College 101 Dedicated Feature Life

This is why you should study abroad – I went to Madrid

I’ve always been a little hesitant and unsure of myself. When I started telling people that I planned on studying abroad for the Fall 2019 semester in Madrid, I could tell that they were worried. I mean, how was I going to survive alone? I wasn’t fluent in Spanish, I didn’t know anyone else that was in my program, and I don’t exactly have a plethora of common sense – I’m more book-smart. I think that part of it was that they didn’t want me to get my hopes up. Studying abroad could be a really great experience or a really terrible one, and there wasn’t room for anything in between. 

But, I was determined to prove them wrong. I always have been. Ever since I was little I’ve always felt that people saw my capabilities as one-sided. I could do this but never that. To me, it seemed like an expectation thing. No one expected me to be so independent and sturdy, especially when I appeared in front of them as fragile or sensitive.

The truth is that I had never been given the chance to prove myself in this capacity. The second that I took too long or wasn’t doing something precisely the way that someone else would, they took over. And, as a result, I became apprehensive, kind of shy, and extremely nervous. 

However, it turns out that I was right. I had been largely independent all along, and studying abroad was a great idea. I slowly realized that I could do anything I set my mind to, even this, all the while holding on tightly to my emotional tendencies. I learned a lot about myself while basking in the Mediterranean sun.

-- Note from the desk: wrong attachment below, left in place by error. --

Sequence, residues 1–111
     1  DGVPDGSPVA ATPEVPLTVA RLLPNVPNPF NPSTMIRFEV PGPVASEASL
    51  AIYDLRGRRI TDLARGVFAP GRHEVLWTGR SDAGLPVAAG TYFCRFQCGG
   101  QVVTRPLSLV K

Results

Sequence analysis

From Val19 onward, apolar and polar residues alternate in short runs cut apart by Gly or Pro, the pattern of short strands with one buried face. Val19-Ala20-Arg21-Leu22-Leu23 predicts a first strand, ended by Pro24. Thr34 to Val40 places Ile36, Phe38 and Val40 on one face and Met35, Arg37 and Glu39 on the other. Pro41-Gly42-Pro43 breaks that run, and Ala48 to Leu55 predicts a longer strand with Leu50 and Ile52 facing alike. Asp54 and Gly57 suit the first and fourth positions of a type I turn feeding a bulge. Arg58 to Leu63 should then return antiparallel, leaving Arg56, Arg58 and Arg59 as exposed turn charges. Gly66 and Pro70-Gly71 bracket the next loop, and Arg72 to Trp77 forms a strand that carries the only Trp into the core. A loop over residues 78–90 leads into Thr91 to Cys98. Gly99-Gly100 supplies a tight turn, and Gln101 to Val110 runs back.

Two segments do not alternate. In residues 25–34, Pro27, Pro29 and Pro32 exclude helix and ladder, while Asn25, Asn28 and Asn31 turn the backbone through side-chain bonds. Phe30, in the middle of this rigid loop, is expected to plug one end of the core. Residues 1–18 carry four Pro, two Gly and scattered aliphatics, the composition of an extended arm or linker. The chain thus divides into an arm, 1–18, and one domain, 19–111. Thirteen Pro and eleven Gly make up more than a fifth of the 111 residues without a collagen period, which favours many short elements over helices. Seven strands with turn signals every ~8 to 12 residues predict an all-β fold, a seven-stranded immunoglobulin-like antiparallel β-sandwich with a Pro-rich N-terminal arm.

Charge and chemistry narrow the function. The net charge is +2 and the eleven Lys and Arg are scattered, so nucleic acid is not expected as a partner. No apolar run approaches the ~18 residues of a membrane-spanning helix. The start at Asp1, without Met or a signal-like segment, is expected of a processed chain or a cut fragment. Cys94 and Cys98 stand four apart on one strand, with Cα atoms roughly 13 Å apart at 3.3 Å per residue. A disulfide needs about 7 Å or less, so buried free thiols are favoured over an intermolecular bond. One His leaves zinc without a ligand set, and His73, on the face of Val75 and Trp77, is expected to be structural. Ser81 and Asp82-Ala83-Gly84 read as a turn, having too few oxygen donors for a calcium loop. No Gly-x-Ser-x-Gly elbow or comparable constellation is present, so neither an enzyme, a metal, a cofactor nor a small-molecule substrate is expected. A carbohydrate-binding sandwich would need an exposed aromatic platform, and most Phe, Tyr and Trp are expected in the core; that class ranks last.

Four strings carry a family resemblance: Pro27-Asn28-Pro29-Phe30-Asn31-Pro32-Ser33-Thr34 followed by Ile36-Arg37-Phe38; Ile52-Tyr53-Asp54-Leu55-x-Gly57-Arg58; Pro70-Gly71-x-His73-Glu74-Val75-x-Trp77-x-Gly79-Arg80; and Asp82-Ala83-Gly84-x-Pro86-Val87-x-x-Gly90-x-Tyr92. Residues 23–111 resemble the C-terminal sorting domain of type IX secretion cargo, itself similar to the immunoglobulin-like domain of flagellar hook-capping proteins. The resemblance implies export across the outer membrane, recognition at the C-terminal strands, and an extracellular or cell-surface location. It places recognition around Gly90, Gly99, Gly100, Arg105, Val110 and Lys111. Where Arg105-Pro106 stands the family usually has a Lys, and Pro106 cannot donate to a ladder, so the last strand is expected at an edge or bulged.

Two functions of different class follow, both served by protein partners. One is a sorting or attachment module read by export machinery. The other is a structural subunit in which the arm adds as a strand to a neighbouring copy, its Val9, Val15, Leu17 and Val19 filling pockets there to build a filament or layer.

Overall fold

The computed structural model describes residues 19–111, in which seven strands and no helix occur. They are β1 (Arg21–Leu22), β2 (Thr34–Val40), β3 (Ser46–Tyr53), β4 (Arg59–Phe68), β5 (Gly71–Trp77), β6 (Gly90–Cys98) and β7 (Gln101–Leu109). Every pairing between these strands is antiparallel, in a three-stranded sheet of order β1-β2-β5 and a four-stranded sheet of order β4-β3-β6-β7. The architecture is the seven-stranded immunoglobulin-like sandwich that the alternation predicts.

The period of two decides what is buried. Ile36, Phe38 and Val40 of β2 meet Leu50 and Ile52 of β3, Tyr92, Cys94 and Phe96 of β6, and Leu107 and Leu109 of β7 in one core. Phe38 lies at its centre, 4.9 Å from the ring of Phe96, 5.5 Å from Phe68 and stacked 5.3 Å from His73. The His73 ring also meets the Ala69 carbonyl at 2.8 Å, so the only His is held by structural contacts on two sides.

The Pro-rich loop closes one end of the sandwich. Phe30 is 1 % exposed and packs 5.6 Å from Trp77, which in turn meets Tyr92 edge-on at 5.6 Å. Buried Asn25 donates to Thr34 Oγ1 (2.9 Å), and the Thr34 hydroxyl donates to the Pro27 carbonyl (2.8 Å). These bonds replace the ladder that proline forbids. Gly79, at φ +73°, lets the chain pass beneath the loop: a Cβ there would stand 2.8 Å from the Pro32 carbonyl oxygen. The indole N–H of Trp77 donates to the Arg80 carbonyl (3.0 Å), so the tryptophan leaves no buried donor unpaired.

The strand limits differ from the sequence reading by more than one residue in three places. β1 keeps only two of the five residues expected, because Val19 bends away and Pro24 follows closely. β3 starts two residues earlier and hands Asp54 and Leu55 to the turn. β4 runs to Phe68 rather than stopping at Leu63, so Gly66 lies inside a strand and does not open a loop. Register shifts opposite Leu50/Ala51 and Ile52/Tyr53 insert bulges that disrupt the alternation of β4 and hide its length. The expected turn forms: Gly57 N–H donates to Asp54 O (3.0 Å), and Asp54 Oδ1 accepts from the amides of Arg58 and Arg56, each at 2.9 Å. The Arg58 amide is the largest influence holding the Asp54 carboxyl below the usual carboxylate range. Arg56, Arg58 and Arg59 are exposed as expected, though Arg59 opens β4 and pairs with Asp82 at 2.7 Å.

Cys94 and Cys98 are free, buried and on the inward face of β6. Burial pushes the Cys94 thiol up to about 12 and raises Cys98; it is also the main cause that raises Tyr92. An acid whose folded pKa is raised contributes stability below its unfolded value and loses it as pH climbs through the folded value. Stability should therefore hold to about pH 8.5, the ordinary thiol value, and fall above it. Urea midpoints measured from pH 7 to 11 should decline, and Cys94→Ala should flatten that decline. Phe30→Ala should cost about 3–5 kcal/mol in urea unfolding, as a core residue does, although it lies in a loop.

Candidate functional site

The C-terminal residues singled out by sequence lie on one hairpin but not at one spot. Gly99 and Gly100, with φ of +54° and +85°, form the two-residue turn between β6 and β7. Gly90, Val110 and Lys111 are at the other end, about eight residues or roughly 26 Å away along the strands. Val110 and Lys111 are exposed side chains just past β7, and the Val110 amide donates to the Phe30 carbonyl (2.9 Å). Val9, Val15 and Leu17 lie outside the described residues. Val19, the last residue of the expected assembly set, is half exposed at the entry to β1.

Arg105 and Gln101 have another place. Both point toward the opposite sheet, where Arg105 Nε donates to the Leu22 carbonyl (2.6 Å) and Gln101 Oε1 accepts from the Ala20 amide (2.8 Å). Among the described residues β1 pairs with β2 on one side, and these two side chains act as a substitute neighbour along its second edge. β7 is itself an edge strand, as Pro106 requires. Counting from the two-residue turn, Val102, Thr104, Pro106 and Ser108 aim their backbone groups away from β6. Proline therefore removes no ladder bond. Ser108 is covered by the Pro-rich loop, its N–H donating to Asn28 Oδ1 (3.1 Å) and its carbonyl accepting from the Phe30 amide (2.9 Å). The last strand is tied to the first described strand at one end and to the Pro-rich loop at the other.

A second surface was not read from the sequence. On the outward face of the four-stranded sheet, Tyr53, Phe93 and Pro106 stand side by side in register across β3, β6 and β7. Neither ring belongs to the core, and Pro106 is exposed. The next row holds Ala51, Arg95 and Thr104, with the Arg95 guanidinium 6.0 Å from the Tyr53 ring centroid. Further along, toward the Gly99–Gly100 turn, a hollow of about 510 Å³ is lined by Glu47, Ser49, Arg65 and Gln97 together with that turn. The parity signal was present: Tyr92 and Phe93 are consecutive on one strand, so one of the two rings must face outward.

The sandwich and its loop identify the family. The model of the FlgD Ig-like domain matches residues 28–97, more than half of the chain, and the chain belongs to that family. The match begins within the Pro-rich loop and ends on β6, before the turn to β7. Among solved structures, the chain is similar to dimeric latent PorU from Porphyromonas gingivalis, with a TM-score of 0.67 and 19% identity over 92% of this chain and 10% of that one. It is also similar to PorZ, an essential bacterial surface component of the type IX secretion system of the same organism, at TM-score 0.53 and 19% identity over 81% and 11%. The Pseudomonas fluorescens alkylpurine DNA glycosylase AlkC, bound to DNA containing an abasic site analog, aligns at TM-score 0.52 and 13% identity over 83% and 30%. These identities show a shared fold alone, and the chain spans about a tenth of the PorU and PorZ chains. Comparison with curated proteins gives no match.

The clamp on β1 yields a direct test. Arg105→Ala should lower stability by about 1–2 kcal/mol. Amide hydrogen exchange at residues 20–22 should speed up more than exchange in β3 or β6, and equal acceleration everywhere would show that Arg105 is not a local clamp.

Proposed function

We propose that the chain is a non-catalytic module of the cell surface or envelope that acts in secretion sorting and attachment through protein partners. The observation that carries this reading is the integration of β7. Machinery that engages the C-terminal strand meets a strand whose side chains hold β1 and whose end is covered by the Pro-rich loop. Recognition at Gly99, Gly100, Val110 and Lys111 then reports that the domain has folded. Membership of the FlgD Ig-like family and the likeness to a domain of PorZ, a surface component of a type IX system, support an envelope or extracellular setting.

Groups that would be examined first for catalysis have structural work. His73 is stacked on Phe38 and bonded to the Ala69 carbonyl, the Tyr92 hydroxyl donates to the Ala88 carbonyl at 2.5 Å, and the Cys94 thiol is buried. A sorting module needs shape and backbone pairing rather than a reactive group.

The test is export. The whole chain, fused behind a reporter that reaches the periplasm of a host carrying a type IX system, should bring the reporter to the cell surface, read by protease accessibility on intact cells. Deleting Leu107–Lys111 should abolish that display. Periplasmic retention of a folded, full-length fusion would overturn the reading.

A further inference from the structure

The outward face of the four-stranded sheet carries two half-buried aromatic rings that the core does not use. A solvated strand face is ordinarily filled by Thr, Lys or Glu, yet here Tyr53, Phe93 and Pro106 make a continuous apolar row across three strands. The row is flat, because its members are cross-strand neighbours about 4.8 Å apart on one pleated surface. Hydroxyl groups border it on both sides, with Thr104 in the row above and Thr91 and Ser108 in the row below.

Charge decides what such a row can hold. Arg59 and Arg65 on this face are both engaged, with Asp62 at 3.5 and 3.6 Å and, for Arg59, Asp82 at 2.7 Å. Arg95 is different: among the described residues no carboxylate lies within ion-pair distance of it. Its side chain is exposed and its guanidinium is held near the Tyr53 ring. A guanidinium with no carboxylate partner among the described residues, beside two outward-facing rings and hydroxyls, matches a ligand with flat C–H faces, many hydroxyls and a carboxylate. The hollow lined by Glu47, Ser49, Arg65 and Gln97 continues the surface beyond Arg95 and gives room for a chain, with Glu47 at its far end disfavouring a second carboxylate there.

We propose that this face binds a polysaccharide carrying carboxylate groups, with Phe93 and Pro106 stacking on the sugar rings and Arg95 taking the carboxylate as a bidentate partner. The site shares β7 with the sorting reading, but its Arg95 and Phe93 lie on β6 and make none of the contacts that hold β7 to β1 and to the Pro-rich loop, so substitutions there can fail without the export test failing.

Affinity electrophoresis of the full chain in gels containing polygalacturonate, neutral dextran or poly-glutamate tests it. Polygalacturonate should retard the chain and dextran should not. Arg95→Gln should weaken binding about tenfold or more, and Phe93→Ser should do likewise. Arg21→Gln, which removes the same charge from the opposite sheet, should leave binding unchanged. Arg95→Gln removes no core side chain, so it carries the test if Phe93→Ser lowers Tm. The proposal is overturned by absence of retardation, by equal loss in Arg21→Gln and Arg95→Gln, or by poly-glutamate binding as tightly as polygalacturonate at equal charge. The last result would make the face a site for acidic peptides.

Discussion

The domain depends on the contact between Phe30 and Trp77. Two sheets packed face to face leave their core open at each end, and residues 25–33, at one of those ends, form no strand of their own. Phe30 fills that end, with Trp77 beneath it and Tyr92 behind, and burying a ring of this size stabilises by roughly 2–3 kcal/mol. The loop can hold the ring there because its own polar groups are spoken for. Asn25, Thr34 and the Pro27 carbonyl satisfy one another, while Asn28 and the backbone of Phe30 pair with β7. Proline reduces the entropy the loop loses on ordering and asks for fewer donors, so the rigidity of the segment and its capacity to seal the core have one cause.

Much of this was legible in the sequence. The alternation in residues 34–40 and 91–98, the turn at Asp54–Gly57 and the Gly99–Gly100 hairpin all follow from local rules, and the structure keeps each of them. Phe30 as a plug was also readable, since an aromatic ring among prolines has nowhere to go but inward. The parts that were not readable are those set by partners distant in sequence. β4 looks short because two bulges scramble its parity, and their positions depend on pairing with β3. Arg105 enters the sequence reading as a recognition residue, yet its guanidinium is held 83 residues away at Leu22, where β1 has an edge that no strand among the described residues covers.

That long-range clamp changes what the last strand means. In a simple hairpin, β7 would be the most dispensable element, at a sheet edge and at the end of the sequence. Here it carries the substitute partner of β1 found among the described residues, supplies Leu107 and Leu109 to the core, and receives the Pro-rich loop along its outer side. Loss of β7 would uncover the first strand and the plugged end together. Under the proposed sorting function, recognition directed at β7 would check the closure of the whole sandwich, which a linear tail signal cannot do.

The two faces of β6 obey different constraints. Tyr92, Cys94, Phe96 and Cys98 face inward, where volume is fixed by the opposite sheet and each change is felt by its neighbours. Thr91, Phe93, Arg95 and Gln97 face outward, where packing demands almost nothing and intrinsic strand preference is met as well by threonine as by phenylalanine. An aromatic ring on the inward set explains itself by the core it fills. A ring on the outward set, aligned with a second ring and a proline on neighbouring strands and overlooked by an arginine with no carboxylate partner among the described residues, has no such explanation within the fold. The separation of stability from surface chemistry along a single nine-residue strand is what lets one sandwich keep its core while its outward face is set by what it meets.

During my time in Madrid, I met people and made connections in ways that are indescribable. I don’t know if it is because I finally found myself in a situation in which I was free from implicit restraints and boundaries or if I became a product of my surroundings. But, I am sure of at least one thing, that being that I was entering a moment in which I was young enough to still have the ignorant belief that nothing mattered, but also wise enough to know that everything mattered much more than it had ever before. There were so many things, and so many people, clawing at me and insisting for my attention, and I finally let go.

For the first time I acknowledged the positivism of this sweet, even blissful, point in my life—one that I may never get again. So, I gave in to the extremities. In doing so, the whole world opened up. I found security in empathy, I learned about ambition, self-awareness, and I felt genuine longing for the first time. I spent days dancing in streets that were once touched by Goya, Ernest Hemingway, and Velasquez. I read poems by Pablo Neruda on the metro and I ate TONS of churros con chocolate.

What I found to be the most pivotal about my experience in Madrid, though, would be living in a home-stay. This is where I spent the most time, had the most laughs, and learned the most about myself. The day after landing in Madrid I met my host family and moved into their home. While they didn’t speak any English at all, and whatever Spanish I did know I forgot the second I opened my mouth, we managed to work through it. 

I knew I wanted to build a relationship with them, but before I could do that, I had to conquer my own confidence battle. I had to remind myself that yes, they were strangers with whom I would be living with for months, but I was also a stranger to them. Frankly, we were all in the same boat. Eventually, I got used to their habits, learned their family traditions, and studied their culture until I felt like I belonged there. They made me feel like I was as much a Madrileño as they are.

At dinner, my host parents would always ask about my day, my classes, and if I was up to anything fun. On the weekends, they would recommend countless restaurants or art museums to my friends and I, and then ask me if I liked it the next day. They even comforted me when I felt overwhelmed or insecure. What I appreciated the most, however, is that they actually listened to my stories, which I am sure that I told in broken Spanish, and always seemed interested.